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How Ben Franklin Spotted Counterfeit Money

As long as there has been currency, there have been people trying to create counterfeit versions of it.

Throughout American history, many have tried to make a living from creating fake money, some with more success than others.

In Colonial America, we began to establish our own system of currency instead of using Great Britain’s system.

At the time, however, the country was broken up into different colonies — many of which had their own currency system.

This made it difficult for the currency — and the economy — to grow strong. When people traveled from one colony to the next, their money would be rendered useless.

The lack of a universal system also made it easy to forge money, further damaging an already weak economy.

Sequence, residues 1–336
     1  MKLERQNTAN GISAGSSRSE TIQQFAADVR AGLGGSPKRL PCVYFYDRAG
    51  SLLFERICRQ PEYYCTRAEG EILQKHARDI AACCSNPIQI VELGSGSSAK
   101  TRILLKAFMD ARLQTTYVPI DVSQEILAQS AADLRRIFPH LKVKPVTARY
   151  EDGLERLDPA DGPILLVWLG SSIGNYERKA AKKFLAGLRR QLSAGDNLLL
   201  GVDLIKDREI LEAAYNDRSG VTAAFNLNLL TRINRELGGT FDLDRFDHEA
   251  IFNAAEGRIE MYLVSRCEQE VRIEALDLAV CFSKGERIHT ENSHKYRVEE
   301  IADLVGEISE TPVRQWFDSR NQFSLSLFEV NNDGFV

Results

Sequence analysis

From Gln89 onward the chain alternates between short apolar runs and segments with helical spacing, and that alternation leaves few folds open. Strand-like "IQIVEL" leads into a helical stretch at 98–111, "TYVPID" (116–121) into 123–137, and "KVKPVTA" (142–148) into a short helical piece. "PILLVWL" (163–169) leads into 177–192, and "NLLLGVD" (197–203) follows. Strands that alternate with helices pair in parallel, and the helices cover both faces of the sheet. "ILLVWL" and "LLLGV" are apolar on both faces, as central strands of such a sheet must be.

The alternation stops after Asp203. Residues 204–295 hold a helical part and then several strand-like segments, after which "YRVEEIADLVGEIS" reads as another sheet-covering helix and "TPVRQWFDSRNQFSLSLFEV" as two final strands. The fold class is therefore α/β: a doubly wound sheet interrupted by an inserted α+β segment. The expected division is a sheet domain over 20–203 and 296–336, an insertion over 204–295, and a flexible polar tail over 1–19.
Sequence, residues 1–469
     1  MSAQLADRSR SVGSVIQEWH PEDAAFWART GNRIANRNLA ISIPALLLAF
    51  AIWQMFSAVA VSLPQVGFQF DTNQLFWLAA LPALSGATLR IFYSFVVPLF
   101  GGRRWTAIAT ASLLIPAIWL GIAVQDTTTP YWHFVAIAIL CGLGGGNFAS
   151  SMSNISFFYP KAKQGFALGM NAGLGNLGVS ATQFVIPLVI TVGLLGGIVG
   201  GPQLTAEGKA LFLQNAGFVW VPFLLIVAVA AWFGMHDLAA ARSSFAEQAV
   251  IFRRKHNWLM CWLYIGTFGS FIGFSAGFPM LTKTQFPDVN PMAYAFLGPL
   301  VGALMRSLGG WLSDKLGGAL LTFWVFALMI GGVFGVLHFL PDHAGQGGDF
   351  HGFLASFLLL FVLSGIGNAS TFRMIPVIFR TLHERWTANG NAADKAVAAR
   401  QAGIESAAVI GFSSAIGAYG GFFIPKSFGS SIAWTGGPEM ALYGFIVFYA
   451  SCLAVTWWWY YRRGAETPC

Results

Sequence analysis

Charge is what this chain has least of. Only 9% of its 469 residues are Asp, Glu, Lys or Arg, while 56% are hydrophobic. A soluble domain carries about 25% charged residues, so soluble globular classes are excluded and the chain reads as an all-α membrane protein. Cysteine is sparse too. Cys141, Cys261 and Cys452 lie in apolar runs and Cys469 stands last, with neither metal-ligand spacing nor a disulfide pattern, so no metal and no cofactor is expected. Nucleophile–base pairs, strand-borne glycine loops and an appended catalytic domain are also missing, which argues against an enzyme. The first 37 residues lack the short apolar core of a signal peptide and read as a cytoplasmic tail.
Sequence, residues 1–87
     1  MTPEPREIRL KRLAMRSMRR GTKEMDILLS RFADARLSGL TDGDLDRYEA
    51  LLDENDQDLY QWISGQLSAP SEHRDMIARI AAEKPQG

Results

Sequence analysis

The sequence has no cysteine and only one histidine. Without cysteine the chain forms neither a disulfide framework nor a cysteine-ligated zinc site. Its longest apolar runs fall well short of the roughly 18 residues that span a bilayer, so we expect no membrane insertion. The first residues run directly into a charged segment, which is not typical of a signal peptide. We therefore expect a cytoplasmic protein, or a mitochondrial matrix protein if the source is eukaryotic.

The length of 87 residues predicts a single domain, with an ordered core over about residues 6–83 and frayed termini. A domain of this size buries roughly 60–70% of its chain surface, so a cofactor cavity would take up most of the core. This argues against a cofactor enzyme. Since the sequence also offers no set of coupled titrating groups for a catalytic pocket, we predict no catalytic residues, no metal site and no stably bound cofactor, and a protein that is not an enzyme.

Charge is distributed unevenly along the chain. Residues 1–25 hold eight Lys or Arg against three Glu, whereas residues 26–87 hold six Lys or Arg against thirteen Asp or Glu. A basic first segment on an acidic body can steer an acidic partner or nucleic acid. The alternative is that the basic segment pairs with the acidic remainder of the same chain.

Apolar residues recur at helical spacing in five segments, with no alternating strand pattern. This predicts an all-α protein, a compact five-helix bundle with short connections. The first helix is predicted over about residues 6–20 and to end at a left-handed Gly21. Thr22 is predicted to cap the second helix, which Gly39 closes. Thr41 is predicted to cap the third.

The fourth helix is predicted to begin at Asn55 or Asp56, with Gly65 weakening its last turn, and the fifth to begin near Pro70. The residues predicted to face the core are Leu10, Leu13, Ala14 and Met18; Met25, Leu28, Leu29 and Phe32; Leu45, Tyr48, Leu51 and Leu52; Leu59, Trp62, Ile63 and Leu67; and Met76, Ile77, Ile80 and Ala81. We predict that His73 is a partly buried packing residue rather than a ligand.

However, inventor and diplomat Benjamin Franklin had a plan to help curtail counterfeit money.

In 1739, he printed money for Pennsylvania, New Jersey, and Delaware, deliberately misspelling Pennsylvania on the bills.

He believed that any counterfeiter would see the misspelling on the bills, think they were fakes, and correct the spelling on their versions.

Leveraging his ingenuity and print background (he owned a successful print business in Philadelphia), he also had lead casts made of leaves, which he used to print a foliage image on the back of the bills. Finely detailed copper was used to accentuate the leaves’ veins.

Today, counterfeit money is still a problem — especially when it comes to gold bullion.

Fortunately, there are a number of ways to spot a fake. If you’re not sure, it’s always best to have it assayed for authenticity.

Better safe than sorry!

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